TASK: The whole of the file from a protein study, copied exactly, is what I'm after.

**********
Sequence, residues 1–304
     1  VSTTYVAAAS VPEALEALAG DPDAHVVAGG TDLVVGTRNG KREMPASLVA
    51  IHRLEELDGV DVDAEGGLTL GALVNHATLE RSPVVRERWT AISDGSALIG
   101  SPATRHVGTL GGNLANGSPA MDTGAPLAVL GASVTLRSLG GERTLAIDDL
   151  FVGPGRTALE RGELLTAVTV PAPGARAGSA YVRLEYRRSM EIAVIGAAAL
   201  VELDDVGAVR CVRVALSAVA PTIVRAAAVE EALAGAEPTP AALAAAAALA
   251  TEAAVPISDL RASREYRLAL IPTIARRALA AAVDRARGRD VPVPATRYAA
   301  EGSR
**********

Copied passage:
Sequence, residues 1–304
     1  VSTTYVAAAS VPEALEALAG DPDAHVVAGG TDLVVGTRNG KREMPASLVA
    51  IHRLEELDGV DVDAEGGLTL GALVNHATLE RSPVVRERWT AISDGSALIG
   101  SPATRHVGTL GGNLANGSPA MDTGAPLAVL GASVTLRSLG GERTLAIDDL
   151  FVGPGRTALE RGELLTAVTV PAPGARAGSA YVRLEYRRSM EIAVIGAAAL
   201  VELDDVGAVR CVRVALSAVA PTIVRAAAVE EALAGAEPTP AALAAAAALA
   251  TEAAVPISDL RASREYRLAL IPTIARRALA AAVDRARGRD VPVPATRYAA
   301  EGSR